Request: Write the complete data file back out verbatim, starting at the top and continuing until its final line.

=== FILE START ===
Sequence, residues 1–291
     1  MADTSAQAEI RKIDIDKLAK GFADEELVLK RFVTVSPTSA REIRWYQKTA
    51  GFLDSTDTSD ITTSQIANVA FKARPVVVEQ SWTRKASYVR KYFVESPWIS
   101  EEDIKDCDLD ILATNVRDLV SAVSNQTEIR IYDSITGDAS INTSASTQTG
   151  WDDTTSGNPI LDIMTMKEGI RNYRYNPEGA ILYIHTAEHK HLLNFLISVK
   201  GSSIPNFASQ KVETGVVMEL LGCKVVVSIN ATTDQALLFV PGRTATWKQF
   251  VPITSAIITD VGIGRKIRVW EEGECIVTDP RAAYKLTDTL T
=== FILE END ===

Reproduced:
Sequence, residues 1–291
     1  MADTSAQAEI RKIDIDKLAK GFADEELVLK RFVTVSPTSA REIRWYQKTA
    51  GFLDSTDTSD ITTSQIANVA FKARPVVVEQ SWTRKASYVR KYFVESPWIS
   101  EEDIKDCDLD ILATNVRDLV SAVSNQTEIR IYDSITGDAS INTSASTQTG
   151  WDDTTSGNPI LDIMTMKEGI RNYRYNPEGA ILYIHTAEHK HLLNFLISVK
   201  GSSIPNFASQ KVETGVVMEL LGCKVVVSIN ATTDQALLFV PGRTATWKQF
   251  VPITSAIITD VGIGRKIRVW EEGECIVTDP RAAYKLTDTL T